A Skinful of Shadows - blog post image

A Skinful of Shadows

This is the story of a bear-hearted girl . . .

Sometimes, when a person dies, their spirit goes looking for somewhere to hide.

Some people have space within them, perfect for hiding.

Twelve-year-old Makepeace has learned to defend herself from the ghosts which try to possess her in the night, desperate for refuge, but one day a dreadful event causes her to drop her guard.

And now there's a spirit inside her.

The spirit is wild, brutish and strong, and it may be her only defence when she is sent to live with her father's rich and powerful ancestors. There is talk of civil war, and they need people like her to protect their dark and terrible family secret.

But as she plans her escape and heads out into a country torn apart by war, Makepeace must decide which is worse: possession – or death."

My Thoughts

If I had my way every child in the world would have the opportunity to read A Skinful of Shadows as well as Frances Hardinge’s earlier novel, The Lie Tree. I implore you to wrap up A Skinful of Shadows and pop it under the Christmas tree for anybody between the ages of about 12-16 or order it from the library as an absorbing fabulous holiday read for kids to curl up with over the winter holidays.

A Skinful of Shadows is a captivating story and Hardinge’s prose seethes with atmosphere. There isn’t a scene or a character that you can’t smell, hear and feel beneath your skin. An incredible achievement.

Twelve year old Makepeace is an exquisitely drawn heroine and the perfect protagonist for this challenging tale. She is feisty and strong in a quiet, realistic and reassuring sort of way and she carries the reader along with her and her ghosts like a whirlwind.

I’d heard the A Skinful of Shadows was a ghost story, a genre I’m not overly keen on, and only my huge enjoyment of the Lie Tree led me to take the leap of faith and buy it - I am very glad that I did. Yes, it is a ghost story of sorts but don’t let that put you off, it’s like nothing you’ve ever read before.

I listened to the audio book which was gripping and beautifully performed by Tuppence Middleton.


 

A Word With Kate Frost - blog post image

A Word With Kate Frost

Kate and I have not met but I feel like I know her - we are members of the same fantastic Facebook group (Book Connectors), she lives in Bristol which is near where I come from and, like me, she writes adult and children's fiction.  I recently reviewed Kate's novel Time Shifters Into The Past and a few people have got in touch to say they are going to read it.  If you haven't read the review you can read it here and if you scroll to the end of the interview you'll find details of Kate's Time Shifters Club with a fun freebie for those who sign up.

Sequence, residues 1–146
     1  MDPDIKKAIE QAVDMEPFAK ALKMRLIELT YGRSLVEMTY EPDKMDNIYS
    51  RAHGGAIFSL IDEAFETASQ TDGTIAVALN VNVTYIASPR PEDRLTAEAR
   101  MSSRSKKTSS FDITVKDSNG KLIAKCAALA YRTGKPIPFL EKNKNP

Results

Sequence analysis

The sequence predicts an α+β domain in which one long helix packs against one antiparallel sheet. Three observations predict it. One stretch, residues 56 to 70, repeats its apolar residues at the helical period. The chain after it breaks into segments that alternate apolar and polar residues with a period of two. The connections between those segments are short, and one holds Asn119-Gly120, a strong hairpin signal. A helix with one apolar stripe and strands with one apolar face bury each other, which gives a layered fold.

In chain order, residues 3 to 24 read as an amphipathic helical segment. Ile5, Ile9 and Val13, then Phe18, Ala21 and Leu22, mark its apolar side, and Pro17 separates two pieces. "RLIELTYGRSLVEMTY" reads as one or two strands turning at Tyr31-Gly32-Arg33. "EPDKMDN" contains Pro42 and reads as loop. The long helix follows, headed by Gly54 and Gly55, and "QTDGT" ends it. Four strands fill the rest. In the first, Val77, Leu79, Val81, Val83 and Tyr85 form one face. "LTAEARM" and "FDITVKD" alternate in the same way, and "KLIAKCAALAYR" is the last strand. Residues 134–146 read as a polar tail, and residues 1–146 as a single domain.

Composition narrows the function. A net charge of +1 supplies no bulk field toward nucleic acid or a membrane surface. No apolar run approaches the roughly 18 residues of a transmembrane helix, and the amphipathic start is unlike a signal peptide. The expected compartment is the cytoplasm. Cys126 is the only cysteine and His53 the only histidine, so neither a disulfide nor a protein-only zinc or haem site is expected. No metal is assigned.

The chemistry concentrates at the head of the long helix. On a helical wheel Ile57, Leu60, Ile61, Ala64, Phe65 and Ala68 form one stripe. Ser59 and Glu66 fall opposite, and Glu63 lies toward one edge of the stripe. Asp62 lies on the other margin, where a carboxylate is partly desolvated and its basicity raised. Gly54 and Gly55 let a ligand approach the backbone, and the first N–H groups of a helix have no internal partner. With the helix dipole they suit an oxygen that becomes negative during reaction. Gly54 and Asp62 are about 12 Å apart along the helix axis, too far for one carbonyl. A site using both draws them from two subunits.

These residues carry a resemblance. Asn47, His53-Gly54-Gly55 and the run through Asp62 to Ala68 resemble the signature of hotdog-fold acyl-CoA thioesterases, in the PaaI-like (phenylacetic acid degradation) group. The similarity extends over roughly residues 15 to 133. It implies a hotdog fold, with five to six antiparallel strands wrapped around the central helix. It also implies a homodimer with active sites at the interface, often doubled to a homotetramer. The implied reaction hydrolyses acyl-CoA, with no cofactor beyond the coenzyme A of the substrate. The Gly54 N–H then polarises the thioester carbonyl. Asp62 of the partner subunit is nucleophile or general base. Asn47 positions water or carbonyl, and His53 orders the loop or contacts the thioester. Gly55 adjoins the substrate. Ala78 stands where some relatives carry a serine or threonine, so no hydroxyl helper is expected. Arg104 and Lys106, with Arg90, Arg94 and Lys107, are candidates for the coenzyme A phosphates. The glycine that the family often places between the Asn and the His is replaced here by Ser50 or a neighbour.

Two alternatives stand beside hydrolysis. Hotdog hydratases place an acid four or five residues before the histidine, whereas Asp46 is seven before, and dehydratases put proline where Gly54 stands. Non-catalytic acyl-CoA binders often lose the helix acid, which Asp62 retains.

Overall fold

Ronaldo The Flying Reindeer - blog post image

Ronaldo The Flying Reindeer

Ronaldo is the top flying cadet at the prestigious Reindeer Flying Academy. He dreams of getting his flying license, just like his hero, Vixen.  

The Lost Words - blog post image

The Lost Words

From Acorn to Weasel, a gorgeous, hand-illustrated, large-format spellbook celebrating the magic and wonder of the natural world

All over the country, there are words disappearing from children's lives. Words like Dandelion, Otter, Bramble, Acorn and Lark represent the natural world of childhood, a rich landscape of discovery and imagination that is fading from children's minds.

The Lost Words stands against the disappearance of wild childhood. It is a joyful celebration of the poetry of nature words and the living glory of our distinctive, British countryside. With acrostic spell-poems by peerless wordsmith Robert Macfarlane and hand-painted illustrations by Jackie Morris, this enchanting book captures the irreplaceable magic of language and nature for all ages.

My Thoughts

Ten years ago the Oxford Junior Dictionary introduced new words such as “broadband” while others including acorn, adder and bluebell disappeared.Apparently the dictionary’s guidelines require that it reflect “the current frequency of words in daily language of children”

Unsurprisingly, there was a groundswell of opposition to the word cull and the result was this beautiful book. It's published by Penguin and it’s a work of art, an exquisitely beautiful celebration of the lost words including hand painted illustrations by Jackie Morris interspersed with acrostic poems by Robert MacFarlane. A real keeper for readers of all ages.

A proportion of the royalties from each copy of The Lost Words goes to Action for Conservation, a charity dedicated to inspiring your people to take action for the natural world

 



 

The Secret of Nightingale Wood - blog post image

The Secret of Nightingale Wood

Henry has moved to the countryside with her parents and her baby sister, Piglet – all still scarred by the death of her brother. Alone in her head, she begins to explore her surroundings, encouraged by her only friends – characters from her favourite books.  

 

Very excited to learn that our publisher ...

has just received a big order from the US for Riverside Lane,  the adult cozy-mystery I co-wrote under the pen name Ginger Black.  The novel is set in and around Windsor so we're wondering if this might be The Royal Wedding effect!